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rdlsmith
08-08-2006, 10:47 PM
I have a simple applescript that I want to run after the backup process. I get different errors.

In one case SD! said it couldn't find the file. I saved the AppleScript as an application and had the hide extension box selected. Thinking that might have something to do with it, I saved the script as a 'script' and then SD! complained that it didn't have permission.

In those cases, I was just trying to run a script that did nothing but:

say "hello, got this far"

I just wanted to prove I could kick off the script.

What's the secret to running a script after SD!

Thanks

rdlsmith
08-08-2006, 11:41 PM
Okay, I wrote a AppleScript Application that checks to see if SD! is running and as long as it is, don't try the unmount. Otherwise, unmount the drive.

It looks as though this time SD! called the script! That's the good news. The bad news it, it never returned from the script. The script wouldn't close because SD! was open. SD! wouldn't continue because the script was still running.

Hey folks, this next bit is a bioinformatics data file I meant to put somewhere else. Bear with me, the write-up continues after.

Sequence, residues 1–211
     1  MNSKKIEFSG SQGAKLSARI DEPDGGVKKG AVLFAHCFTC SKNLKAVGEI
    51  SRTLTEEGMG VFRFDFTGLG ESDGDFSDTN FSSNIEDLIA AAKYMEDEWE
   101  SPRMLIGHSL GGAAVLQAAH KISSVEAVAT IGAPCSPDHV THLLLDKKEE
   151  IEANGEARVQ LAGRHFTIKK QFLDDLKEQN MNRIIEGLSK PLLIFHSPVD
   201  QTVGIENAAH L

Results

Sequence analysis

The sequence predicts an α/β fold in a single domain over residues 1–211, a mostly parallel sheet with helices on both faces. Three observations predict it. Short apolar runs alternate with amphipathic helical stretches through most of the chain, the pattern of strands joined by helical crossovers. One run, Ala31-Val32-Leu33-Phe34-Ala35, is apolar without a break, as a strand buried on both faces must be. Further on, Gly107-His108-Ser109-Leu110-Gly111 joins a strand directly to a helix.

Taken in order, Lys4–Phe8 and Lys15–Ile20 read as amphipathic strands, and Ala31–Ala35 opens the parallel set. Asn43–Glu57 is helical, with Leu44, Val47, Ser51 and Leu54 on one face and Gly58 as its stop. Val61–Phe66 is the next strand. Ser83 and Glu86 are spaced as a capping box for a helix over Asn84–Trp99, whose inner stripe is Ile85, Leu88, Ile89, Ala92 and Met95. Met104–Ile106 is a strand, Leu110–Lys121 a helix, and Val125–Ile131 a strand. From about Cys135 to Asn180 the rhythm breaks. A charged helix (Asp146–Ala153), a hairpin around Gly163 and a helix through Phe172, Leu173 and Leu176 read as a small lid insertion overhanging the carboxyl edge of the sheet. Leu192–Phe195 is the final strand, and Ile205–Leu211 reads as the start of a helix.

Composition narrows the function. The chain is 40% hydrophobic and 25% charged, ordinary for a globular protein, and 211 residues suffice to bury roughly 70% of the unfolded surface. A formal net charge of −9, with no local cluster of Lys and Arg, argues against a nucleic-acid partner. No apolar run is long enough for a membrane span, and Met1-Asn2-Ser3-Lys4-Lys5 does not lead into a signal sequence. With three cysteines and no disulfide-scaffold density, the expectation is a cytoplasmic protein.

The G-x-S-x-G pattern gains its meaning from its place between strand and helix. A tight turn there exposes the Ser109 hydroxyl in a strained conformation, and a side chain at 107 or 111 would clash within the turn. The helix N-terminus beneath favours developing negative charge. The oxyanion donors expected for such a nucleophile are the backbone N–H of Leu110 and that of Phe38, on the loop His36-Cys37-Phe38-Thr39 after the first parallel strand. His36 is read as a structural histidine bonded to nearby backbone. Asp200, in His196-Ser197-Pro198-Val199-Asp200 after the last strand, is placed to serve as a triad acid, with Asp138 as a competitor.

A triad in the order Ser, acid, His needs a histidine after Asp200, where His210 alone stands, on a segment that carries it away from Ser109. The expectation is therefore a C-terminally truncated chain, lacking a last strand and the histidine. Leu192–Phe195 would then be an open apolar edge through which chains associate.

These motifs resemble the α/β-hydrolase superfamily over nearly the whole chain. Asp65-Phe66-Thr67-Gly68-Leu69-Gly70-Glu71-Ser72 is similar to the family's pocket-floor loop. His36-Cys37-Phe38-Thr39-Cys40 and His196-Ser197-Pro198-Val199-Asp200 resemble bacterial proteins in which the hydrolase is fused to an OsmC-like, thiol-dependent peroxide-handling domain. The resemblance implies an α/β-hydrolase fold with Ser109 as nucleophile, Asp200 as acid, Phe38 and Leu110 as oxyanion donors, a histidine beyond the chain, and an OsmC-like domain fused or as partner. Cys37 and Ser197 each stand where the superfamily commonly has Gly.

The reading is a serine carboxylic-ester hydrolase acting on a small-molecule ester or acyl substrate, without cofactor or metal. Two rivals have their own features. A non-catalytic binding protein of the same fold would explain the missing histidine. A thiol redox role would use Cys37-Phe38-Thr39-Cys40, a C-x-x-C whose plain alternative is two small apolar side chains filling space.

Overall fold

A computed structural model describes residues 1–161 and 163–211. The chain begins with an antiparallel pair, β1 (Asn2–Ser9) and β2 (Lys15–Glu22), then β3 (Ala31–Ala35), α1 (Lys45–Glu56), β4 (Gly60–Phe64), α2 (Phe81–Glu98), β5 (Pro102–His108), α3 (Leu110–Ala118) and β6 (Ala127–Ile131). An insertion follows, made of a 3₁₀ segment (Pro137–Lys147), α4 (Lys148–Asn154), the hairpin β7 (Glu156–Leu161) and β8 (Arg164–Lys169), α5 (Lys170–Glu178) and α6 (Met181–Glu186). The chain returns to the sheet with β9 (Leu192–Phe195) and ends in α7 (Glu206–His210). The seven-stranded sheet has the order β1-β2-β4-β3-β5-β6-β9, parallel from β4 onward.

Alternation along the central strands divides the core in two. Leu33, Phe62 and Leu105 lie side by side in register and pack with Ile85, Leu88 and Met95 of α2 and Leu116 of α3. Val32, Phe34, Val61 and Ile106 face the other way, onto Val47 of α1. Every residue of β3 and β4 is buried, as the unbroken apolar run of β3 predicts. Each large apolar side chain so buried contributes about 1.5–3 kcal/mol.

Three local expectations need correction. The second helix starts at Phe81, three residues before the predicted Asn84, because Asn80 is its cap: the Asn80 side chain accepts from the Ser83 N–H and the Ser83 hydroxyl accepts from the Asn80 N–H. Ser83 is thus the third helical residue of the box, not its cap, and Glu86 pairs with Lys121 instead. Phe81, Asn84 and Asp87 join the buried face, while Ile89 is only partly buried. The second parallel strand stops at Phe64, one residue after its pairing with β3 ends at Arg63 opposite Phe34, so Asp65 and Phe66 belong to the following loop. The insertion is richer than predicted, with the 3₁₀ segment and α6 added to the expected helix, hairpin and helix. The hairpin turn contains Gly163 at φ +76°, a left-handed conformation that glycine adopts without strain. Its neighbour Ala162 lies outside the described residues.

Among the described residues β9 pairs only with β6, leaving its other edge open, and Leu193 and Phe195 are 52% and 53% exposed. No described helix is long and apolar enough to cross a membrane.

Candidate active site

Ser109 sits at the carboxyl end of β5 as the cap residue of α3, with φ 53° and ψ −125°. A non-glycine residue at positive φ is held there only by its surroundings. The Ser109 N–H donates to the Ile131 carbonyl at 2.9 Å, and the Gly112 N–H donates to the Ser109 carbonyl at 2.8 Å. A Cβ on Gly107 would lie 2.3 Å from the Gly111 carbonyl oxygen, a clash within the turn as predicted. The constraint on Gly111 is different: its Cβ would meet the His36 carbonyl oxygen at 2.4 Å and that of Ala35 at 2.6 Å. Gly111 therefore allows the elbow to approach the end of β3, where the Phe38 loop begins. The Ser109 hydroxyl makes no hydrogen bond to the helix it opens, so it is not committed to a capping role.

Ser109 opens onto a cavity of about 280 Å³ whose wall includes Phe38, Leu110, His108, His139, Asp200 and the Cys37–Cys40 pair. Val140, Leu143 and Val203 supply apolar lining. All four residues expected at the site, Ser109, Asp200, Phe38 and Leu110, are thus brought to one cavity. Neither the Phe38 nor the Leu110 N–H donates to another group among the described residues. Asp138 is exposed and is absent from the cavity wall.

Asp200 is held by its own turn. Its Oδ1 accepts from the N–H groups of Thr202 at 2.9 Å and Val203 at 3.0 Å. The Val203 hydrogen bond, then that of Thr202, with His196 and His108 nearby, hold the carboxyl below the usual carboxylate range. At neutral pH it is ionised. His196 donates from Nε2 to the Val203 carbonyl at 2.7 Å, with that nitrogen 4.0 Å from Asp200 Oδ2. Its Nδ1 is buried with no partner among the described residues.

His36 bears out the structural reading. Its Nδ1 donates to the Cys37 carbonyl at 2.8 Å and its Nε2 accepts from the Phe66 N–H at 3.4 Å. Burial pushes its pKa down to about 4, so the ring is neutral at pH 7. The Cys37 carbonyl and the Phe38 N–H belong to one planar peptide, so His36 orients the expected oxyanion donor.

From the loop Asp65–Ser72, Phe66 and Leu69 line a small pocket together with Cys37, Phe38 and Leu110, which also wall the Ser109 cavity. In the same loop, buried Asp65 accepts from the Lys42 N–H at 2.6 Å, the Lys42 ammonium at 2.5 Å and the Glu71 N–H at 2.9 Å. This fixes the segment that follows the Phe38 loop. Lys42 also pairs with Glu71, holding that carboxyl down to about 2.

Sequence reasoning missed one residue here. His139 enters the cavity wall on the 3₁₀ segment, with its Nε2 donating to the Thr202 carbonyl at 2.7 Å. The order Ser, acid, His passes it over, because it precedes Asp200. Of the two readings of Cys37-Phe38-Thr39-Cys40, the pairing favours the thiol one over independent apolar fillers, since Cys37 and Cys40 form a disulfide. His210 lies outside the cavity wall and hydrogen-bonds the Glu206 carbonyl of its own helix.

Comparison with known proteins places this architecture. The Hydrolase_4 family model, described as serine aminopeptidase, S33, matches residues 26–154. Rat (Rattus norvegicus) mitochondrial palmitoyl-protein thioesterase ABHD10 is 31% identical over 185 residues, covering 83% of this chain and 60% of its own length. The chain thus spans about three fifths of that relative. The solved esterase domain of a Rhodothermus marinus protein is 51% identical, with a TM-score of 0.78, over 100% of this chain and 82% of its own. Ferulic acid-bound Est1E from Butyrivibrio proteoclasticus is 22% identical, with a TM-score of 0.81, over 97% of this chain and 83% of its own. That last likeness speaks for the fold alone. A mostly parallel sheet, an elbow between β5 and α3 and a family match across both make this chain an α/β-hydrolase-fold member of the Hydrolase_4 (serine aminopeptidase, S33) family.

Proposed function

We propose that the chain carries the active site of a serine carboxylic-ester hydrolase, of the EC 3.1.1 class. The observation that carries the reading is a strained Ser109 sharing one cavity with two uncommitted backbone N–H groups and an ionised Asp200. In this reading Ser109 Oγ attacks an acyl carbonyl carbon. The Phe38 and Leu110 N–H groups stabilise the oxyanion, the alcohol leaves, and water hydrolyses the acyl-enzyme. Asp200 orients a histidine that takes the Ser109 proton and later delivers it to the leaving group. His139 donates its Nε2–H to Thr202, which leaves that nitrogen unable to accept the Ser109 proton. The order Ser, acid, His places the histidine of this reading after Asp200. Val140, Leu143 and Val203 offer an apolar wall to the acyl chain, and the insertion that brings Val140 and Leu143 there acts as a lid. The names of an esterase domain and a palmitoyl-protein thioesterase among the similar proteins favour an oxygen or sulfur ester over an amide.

So how do I get SD! to just kick off the script and continue or better yet, kick off a script after it finishes everything it has to do.

Thanks

dnanian
08-09-2006, 04:18 AM
You'd have to put the script in the background and "nohup" it...

rdlsmith
08-09-2006, 08:35 AM
You'd have to put the script in the background and "nohup" it...

I'm sorry Dave, I'm afraid I can't do that. What is "nohup"?

I called the unmount script from an iCal schedule and it seemed to work. So at least I have a solution. Not sure it's the right way to go about it but I just don't see how those before and after scripts are used from within SD!.

I'd rather call the AppleScript from SD! only when it's needed.

dnanian
08-13-2006, 11:03 AM
nohup is a Unix command that prevents a command from aborting when its parent process exits. So, you'd do something like:

#!/bin/sh
nohup /bin/bash -c "sleep 10; osascript /a/path/to/some/script/file" &

That'd put a background process in place that would sleep for 10 seconds, then run a script.